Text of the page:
Note in the results the 4 socket Haswell server outperform the newer Broadwell 4 socket server. Next, notice the 8 socket Haswell server outperform the newer 8 socket Broadwell 8 socket server. Lastly, notice the 2 x 16 core results, both which are on a HP Superdome X server.  Using the SAP benchmark measurement of SAPS, it shows the lowest amount of SAPS per core compared to any of the Intel servers shown. Actually, do you notice another pattern? The 4 sockets show greater efficiency over the 8 socket servers which show greater efficiency over the 16 socket servers.

Contrast that to the 2 socket POWER8 server, which by the way is 2X the best Intel result.  If the trend we just reviewed with the Intel servers above holds true, we would expect the 8 socket POWER8 result to show fewer SAPS per core than the 2 socket POWER8 server. We already know the answer because it was highlighted in green as it was the highest result that was roughly 13% greater than the 2 socket POWER8.   The 8 socket POWER8 was also 2.X+ greater than any of the Intel servers and 2.8X greater than the 16 socket HP Superdome X servers specifically.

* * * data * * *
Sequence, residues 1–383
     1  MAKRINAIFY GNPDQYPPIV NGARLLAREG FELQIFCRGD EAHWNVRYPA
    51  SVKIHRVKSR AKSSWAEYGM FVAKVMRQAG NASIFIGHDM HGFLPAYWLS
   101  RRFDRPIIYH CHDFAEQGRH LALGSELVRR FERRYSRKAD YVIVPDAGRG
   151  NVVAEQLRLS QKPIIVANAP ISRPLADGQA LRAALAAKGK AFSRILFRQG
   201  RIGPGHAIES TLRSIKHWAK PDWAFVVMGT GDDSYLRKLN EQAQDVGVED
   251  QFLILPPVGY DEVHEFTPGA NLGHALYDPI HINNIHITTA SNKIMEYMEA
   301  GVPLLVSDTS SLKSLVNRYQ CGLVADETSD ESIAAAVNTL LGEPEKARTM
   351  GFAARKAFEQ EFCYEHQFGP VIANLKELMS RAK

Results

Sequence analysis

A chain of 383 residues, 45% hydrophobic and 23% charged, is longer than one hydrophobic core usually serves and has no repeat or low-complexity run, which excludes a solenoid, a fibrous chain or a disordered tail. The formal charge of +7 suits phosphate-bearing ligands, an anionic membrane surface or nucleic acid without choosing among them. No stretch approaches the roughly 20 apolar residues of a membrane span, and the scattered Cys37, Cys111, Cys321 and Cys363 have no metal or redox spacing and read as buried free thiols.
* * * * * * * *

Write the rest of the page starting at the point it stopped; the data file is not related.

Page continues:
Here comes my close – let’s see if I do a better job than Jeff!

  • My last point is this in response to Jeff’s statement that “There’s a compelling alternative. A “scale-up” (high capacity) x86 architecture with a large memory capacity for in-memory compute models can dramatically improve database performance and lower TCO.”